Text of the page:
CORONAVIRUS/Minister defends decision not to name hospital with COVID-19 staff

01/14/2021 12:29 PM
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Minister of Health and Welfare Chen Shih-chung
Minister of Health and Welfare Chen Shih-chung

Taipei, Jan. 14 (CNA) Minister of Health and Welfare Chen Shih-chung (陳時中) on Thursday defended a decision not to make public the name of the hospital in which the two latest domestic COVID-19 cases work, saying that it was meant to prevent the hospital's other workers from being labeled.

According to the Central Epidemic Command Center (CECC), a doctor working at a hospital in northern Taiwan and his girlfriend, a nurse working in the same hospital, were confirmed on Tuesday as the nation's two latest domestically transmitted coronavirus cases.

The CECC did not identify the hospital's name, although it did publish a list of places in Taoyuan that the two had visited before being confirmed as having contracted COVID-19. Skeptics have been questioning the decision.

Asked to comment, Chen, who also heads the CECC, said during a radio interview Thursday that the authorities decided to withhold that information from the public to avoid spreading fear and panic.

"Once we identify the hospital in question, those who work there and the families and children of these healthcare workers will be labelled," Chen said.

Their family members may be told not to go to work or attend classes, he added.

He insisted that the CECC will continue to uphold the principle of not identifying the location where an infection occurs, "unless it is absolutely necessary."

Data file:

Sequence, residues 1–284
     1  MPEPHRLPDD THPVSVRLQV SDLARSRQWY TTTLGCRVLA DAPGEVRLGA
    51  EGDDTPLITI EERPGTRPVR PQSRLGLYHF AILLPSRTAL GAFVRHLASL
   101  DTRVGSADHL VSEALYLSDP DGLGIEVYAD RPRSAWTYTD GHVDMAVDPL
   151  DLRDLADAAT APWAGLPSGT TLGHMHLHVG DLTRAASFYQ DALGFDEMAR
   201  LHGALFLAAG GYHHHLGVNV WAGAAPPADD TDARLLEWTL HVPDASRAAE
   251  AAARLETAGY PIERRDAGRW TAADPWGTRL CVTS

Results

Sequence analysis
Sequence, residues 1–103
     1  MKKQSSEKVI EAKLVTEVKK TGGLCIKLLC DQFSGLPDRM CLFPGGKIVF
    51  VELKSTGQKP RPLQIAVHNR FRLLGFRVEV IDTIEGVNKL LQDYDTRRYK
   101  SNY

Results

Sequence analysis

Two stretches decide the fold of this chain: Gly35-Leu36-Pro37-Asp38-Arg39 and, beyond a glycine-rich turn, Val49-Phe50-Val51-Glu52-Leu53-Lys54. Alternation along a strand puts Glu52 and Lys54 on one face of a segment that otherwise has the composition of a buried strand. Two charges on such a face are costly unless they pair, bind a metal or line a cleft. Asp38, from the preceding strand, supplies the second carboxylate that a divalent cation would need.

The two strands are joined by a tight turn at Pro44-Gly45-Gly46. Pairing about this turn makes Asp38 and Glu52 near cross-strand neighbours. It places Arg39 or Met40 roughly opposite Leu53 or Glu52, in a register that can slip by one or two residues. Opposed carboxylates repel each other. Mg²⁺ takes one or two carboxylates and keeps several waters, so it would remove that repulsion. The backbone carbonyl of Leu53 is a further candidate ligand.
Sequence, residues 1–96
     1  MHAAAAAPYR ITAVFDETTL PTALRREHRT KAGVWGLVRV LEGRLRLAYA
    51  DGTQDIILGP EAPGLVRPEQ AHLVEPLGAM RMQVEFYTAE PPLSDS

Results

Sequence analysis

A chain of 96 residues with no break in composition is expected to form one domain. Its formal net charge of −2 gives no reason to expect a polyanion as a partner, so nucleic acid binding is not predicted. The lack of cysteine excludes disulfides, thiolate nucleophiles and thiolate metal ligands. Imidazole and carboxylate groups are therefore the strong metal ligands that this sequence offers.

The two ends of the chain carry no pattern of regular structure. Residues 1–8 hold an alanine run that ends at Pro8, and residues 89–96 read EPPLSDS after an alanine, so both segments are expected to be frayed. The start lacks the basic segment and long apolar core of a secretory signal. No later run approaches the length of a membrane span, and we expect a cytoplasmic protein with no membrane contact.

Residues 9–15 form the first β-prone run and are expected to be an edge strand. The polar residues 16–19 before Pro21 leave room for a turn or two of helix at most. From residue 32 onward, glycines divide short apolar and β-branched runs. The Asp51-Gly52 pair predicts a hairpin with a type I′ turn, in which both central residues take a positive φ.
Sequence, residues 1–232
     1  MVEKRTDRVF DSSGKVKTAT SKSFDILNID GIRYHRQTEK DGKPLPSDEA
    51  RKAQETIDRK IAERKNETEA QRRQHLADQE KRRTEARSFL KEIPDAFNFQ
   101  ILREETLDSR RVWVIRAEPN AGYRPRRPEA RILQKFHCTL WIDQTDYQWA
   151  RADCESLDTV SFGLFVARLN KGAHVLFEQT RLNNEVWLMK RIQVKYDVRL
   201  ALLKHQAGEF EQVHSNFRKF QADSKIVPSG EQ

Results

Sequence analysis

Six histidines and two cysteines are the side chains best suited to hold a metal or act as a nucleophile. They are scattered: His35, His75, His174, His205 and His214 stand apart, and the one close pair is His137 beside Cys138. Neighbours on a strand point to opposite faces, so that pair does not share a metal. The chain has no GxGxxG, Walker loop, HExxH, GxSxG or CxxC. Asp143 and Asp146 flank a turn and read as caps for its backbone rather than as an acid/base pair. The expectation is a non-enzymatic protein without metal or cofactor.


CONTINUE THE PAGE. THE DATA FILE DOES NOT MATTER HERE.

Chen also defended the decision that it took a day before the CECC announced a list of places in Taoyuan where the two patients had visited.

The minister said the hospital where the two patients work is the place with the highest risk of infecting others with COVID-19.

It had been two or three days since the two visited other locations, including a coffee shop and a shopping center, and the risk of infection in these locations is relatively low, he said.

Scientific evidence has shown that coronavirus can survive on steel, plastic and cardboard for no longer than 72 hours, he said, adding that these locations have all been disinfected as well, he added.

Fortunately, the two patients have shown relatively mild symptoms, and so far, they have not infected others, including the 464 people with whom they are known to have had contact in the hospital, Chen said.

(By Chang Ming-hsuan and Joseph Yeh)

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